Tokyo — Japan's farmers are relieved that they have managed to stave off American rice imports - for a while. But they know that over the long run, Japanese agriculture faces wrenching changes if it has to compete with imports. ``I just don't want to let American rice in,'' says Atao Kaneuchi, a farmer in the rich rice-growing prefecture of Niigata. ``Anything else, but not rice.''
But another Niigata farmer, Sakae Mihara, says, ``A little rice from America might give us a shot in the arm.''
Mr. Mihara's view is not typical. But like Mr. Kaneuchi's, it was caused by American rice growers' demand for a share of the Japanese market - a demand that United States Special Trade Representative Clayton Yeutter rejected on Friday. (The US Rice Millers' Association - the RMA - petitioned for a finding that Japan was unfairly restricting rice imports and proposing bilateral talks aimed at opening 10 percent of Japan's 10 million-metric-ton market in four years.)
Mr. Yeutter's rejection was conditional. In mid-December, GATT (the General Agreement of Tariffs and Trade), a forum that regulates world trade, has a meeting at which Yeutter wants the Japanese to propose specific, gradual, market-opening steps for rice. Otherwise, he says, he may take up the RMA's petition.
Japanese farmers like Mihara know there is only one way they can survive even a partial opening of Japan's rice market. That is to drastically increase the size of Japanese farms while improving their efficiency.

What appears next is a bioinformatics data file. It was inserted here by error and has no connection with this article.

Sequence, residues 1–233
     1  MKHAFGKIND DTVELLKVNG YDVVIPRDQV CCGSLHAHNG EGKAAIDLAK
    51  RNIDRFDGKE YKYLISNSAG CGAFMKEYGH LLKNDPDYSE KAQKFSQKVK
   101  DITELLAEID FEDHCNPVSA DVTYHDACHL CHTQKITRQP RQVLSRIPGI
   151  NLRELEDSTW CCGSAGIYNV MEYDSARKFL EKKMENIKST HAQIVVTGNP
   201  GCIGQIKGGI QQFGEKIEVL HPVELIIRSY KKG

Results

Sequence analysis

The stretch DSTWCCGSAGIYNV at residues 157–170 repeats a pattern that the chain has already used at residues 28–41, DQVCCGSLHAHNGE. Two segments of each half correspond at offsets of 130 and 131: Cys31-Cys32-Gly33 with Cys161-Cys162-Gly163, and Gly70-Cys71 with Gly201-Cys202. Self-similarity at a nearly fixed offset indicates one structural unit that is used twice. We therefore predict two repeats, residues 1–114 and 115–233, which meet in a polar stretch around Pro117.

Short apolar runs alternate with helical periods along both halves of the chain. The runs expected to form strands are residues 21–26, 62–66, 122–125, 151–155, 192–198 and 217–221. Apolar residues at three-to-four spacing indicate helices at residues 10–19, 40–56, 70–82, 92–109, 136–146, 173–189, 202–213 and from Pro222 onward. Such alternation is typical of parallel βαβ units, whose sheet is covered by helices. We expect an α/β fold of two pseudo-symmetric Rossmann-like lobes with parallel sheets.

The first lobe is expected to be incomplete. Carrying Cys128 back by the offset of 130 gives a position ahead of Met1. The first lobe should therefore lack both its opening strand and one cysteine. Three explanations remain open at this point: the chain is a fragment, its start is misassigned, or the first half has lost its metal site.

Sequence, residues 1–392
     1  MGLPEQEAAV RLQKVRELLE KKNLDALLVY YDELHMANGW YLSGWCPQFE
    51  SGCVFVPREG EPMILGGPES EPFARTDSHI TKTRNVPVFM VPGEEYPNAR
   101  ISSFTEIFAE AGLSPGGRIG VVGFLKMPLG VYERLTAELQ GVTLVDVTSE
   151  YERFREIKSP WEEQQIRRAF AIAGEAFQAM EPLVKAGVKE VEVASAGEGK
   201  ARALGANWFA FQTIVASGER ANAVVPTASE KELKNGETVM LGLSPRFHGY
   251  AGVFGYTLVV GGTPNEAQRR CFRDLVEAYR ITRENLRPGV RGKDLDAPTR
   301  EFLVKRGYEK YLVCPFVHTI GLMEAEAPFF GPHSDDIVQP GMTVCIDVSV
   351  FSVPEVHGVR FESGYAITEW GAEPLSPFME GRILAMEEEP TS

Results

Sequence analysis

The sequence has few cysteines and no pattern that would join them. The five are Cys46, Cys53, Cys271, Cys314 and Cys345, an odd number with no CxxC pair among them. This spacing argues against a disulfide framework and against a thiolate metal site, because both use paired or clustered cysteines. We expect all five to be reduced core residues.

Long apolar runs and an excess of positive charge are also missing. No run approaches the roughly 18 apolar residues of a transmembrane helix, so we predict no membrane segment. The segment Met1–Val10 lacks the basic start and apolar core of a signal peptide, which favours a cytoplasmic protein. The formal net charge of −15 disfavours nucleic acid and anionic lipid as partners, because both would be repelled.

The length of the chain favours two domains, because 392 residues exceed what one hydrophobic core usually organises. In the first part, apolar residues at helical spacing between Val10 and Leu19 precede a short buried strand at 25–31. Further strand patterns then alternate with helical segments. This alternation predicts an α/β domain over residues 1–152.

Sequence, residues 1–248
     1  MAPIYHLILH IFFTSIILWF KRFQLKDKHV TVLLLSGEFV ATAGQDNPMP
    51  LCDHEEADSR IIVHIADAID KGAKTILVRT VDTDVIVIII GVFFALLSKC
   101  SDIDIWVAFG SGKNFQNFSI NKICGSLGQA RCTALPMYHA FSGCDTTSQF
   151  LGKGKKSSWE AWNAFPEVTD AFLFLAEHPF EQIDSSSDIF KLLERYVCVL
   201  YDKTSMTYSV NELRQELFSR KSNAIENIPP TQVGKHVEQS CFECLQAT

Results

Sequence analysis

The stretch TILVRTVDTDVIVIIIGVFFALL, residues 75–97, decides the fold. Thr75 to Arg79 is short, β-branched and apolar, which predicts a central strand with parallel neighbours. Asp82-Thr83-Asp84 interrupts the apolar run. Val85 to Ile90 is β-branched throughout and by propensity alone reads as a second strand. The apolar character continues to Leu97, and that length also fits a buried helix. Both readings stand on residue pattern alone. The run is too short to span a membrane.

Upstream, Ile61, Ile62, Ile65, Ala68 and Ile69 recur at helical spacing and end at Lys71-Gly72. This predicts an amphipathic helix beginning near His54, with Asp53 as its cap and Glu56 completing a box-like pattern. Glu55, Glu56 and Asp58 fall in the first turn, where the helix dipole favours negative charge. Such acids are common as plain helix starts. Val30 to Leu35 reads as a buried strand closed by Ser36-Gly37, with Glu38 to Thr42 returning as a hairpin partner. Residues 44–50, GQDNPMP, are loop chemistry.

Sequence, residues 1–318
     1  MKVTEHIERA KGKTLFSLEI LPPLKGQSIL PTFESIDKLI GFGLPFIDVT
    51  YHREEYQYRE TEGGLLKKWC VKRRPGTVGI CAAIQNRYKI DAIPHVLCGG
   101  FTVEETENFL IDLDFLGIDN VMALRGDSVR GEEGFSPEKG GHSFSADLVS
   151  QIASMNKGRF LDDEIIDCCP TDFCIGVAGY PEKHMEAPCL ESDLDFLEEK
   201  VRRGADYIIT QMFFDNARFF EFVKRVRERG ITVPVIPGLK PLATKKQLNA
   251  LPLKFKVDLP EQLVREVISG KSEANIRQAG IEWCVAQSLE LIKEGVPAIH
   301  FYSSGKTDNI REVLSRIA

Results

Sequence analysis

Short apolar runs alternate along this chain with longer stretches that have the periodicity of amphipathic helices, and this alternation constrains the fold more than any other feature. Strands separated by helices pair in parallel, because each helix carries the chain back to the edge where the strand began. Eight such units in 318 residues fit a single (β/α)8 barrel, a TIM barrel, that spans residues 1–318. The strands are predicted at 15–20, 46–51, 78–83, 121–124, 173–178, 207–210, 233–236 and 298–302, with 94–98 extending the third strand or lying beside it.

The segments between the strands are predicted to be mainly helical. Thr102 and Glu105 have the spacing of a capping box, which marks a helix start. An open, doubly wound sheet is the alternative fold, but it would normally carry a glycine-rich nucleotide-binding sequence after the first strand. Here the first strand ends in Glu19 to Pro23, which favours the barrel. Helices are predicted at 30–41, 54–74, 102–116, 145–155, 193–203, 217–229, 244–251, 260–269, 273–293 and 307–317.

The typical farm is just 2 acres. Heavy farm subsidies make Japanese rice eight times as expensive as American rice. But consumer resistance is beginning to force prices down, very gradually, while costs continue high and farm size makes efficient use of machinery nearly impossible.
For Mihara, external pressure will hasten the pace of change. In Japan, rice prices and the rice trade are controlled by the government. Most farmers are part-time; they derive about 80 percent of their income from non-agricultural sources. Rice is easy to grow and the government offers them a guaranteed price.
Mihara is a full-time farmer. He began his farm nine years ago, with just two acres. Year by year he bought or rented more land until today he has about 37 acres. Land even in the remote valley where he lives costs up to $48,000 per acre. Mihara has machinery worth about $320,000 and is carrying about the same amount in debt.
``This kind of pressure - the RMA petition - makes farmers doubtful about the future ...,'' Mihara said. ``So more people are willing to sell or rent their land than before. I figure that in three or four years I may be able to increase my acreage to 100 acres or more.''
Mihara wants to get out from under government controls, to sell his rice at whatever price he thinks the market will pay. ``I want to make people brand conscious,'' he said. He is part of a movement to label rice according to district and farm, much as French winemakers label their products. He thinks he might command a premium of as much as five times over ordinary rice. ``Then I don't have to be afraid of imported rice.''
Experts agree that Mihara's way of farming is the wave of the future. But government policies are aimed at benefiting the part-time farmers, whose numbers - and whose votes - are more numerous than full-timers'.
Shinichiro Hiraishi, president of the National Conference of Rice-producing Entrepreneurs, an organization of full-time rice growers, says: ``The government claims to be encouraging full-time rice growers, but in fact its policies benefit the inefficient part-timers. These are the people who have the votes. So we can't rely on politicians to bring about the changes we need. We can count only on the media and on consumers....''
``It took ten years to open up our beef market,'' he continues, ``I think it will take the same amount of time to open up the rice market.''